How Much Do I Need to Work Out?

Reckon the best way to get big is to pump iron 24/7? Here’s why you might want to check out of the pain cave at least once in a while…



When it comes to getting in a shape, the general rule goes something like this: eat the right stuff, pump hella iron, and do the occasional bit of cardio. Three gym sessions a week is good, four is better, and six better still, right? As long as you’re allowing yourself one day to recover, it’s all good.

Or, at least, that’s what bro science tells you. To offer a little more nuance to your training plan, we spoke to two strength and conditioning coaches at the top of their game with the aim of helping you  dial it in without overdoing it.

What are the benefits of working out?

“Exercising has almost an endless list of benefits, for both the body and the mind,” enthuses Mitch Raynsford, strength and conditioning coach at P3RFORM.

“Recreational exercise has never been more important as modern lifestyles are very sedentary which can lead to harmful yet reversible lifestyle diseases such as Type 2 Diabetes,” Raynsford continues. “Moving your body regularly prevents problems arising later in life. For example studies show, lifting weights increases bone density which can reduce your risk of osteoporosis.”

What do experts say?

We know exercise is good. But is there an agreed-upon level of how much exercise we need to be doing each week? “Various national bodies such as the CDC (Center for Disease Control and Prevention, based in the USA) and the NHS in the UK recommend at least 150 minutes of moderate to vigorous aerobic activity every week for adults,” explains Raynsford. “This is backed up by science, including a long-term study done over 10 years which found this amount of exercise increased longevity in the test subjects.”

 So why do people overdo it?

“There are a number of reasons why people overdo it, mostly because they want results quickly, they're impatient, or they simply have a lack of knowledge,” explains David Wiener, training and nutrition specialist at AI-based fitness and lifestyle coaching app Freeletics

Wiener goes on to explain that our body types and genetics often put a limit on what is possible, so overdoing it in order to try and look like a stranger on Instagram could well be a Sisyphean undertaking.

“Overdoing exercise with the aim to get fast results is counterproductive and can lead to mental health issues, body dysmorphia and eating disorders,” Wiener adds. “You should be aiming to create a healthy, sustainable relationship with exercise. Consulting a PT or professional before undertaking a new regime will help you to understand what’s achievable and realistic.” 

What are the dangers of working out too much?

Fitting in one too many gym sessions won’t just result in a pulled muscle, it can have serious and long-lasting health implications, including depression, as a study in the journal Sports Health found.

That’s not all. “Excessive training and inadequate recovery could cause ‘overtraining syndrome’ (OTS), which is characterised by underperformance and fatigue,” explains a study from the Universidade Federal de Sao Paulo.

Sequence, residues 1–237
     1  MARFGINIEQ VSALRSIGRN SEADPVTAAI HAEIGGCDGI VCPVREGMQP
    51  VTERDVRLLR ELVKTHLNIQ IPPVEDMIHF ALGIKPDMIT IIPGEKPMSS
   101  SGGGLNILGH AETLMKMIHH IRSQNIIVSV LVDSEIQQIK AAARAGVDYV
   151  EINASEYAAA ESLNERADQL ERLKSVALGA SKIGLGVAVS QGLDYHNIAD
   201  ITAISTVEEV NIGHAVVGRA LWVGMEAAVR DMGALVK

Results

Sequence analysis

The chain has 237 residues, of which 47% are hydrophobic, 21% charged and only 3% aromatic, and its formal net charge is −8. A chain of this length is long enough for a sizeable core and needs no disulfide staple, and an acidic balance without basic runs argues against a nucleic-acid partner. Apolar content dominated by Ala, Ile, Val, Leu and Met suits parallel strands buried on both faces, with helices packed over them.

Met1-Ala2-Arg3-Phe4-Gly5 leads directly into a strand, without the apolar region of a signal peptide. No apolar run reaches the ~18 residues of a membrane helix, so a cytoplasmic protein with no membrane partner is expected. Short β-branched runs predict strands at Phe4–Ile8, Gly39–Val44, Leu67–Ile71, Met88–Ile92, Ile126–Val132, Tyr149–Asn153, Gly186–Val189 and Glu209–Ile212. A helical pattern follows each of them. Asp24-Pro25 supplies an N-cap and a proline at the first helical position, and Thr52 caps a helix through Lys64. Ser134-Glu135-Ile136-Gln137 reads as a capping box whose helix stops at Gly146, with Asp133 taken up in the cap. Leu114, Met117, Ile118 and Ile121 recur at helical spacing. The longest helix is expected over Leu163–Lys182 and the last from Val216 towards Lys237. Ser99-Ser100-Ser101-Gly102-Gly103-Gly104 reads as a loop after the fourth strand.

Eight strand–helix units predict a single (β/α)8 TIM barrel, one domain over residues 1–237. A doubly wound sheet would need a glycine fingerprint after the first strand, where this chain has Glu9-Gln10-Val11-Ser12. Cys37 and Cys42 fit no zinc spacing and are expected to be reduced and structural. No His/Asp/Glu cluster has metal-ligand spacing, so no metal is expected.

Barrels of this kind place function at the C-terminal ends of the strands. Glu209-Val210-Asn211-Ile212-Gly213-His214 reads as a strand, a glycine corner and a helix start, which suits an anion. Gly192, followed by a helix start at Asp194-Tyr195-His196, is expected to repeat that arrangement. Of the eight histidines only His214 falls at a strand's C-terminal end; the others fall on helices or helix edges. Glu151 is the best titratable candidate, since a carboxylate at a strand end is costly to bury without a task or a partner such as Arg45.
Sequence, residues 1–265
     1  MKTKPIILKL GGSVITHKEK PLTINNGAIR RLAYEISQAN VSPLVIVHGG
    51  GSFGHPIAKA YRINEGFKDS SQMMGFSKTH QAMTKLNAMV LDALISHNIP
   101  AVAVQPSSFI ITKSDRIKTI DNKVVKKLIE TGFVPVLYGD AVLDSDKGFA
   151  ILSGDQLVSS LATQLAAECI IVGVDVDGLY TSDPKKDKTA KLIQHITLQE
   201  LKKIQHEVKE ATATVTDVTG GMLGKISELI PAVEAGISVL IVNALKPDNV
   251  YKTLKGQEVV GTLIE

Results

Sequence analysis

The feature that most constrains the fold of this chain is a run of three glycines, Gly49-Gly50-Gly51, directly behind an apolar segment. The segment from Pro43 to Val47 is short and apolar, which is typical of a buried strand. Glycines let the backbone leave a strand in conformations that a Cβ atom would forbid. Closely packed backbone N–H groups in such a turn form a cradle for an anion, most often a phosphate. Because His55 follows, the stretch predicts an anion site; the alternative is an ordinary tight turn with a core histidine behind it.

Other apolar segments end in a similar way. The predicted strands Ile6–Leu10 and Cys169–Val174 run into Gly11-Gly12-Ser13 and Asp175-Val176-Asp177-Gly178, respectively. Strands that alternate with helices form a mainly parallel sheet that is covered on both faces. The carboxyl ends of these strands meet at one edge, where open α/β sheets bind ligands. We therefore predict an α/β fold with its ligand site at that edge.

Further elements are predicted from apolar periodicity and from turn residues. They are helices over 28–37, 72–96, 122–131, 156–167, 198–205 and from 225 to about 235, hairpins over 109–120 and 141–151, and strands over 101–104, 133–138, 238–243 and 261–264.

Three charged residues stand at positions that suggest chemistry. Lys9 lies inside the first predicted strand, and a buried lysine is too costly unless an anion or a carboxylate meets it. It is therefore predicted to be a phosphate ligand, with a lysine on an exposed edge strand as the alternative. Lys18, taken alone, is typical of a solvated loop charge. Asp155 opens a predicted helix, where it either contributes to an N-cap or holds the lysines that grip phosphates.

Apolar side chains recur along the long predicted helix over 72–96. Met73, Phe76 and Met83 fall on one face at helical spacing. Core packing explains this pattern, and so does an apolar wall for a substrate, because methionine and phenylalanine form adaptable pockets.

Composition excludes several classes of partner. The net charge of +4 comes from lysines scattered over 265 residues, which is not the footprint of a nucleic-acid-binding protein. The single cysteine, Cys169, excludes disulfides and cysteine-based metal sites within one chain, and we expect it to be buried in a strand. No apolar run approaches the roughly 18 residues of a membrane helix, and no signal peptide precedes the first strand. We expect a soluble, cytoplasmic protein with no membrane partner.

“Unfortunately, the list of risks associated with working out too much is almost as long as the list of benefits,” says Raynsford. “Over-training can result in insomnia, disordered eating, reduced recovery times, and mental health defects. It’s important to note the difference between overtraining and overreaching: exercise leaves us sore and requires recovery, which is perfectly normal. But if you start to find that you are not able to recover properly after training or at all, this is a sign of overtraining.”

In short, overdoing it is false economy. Yes, you might be pumping more iron than ever, but you don’t build the body you want because your body will be over-stressed and not able to recover or build muscle to its best ability.

So how much do I actually need to work out?

Unfortunately, there is no hard and fast rule for exercise; whether you’re aiming to build muscle, burn fat, or build resistance, it all varies depending on you and other lifestyle factors. When it comes to hitting that sweet spot, the key is slowly building your resilience. In other words, learning to walk before you can run. “Depending on your fitness goals and levels, you can add in more exercise to your routine if you’re physically capable,” says Wiener. “However, it is essential you have a good nutritious well-balanced diet alongside it, with a good night’s sleep and rest days.”

For Raynsford, the key to not overdoing it is rethinking your approach to exercise in general. “Studies show that the best way to stay healthy is not to spend eight hours a day sitting for work and then one hour at the gym,” he says. “The best way is to figure out how to weave physical activity into your entire day so that your lifestyle is less sedentary.”

You’re likely to benefit from setting long-term goals, too. Don’t just aim to get a six pack in four weeks for a holiday, try to reduce your sugar and fat intake for good. This approach is backed up by a study published in the European Journal of Sport Science found that those with more motivation to stay in shape long term were less likely to suffer burnout.

Wiener advises that you take some time to understand that fitness is a process, and that there are professionals who can help you develop a specific, efficient plan to help you reach your goals (studies show PTs can help change your approach to fitness).Go in gung ho and you’ll likely enjoy a great week of gains, followed by a month of injury time. Your choice.

Recommended Reading

  • The Most Effective Exercises on Earth
  • The Home HIIT Workout That Builds Muscle
  • How to Do 100 Press-ups
  • The Six Best Exercises for Your Outdoor Workout
  • How to Do the Squat, Deadlift and Bench Press Perfectly
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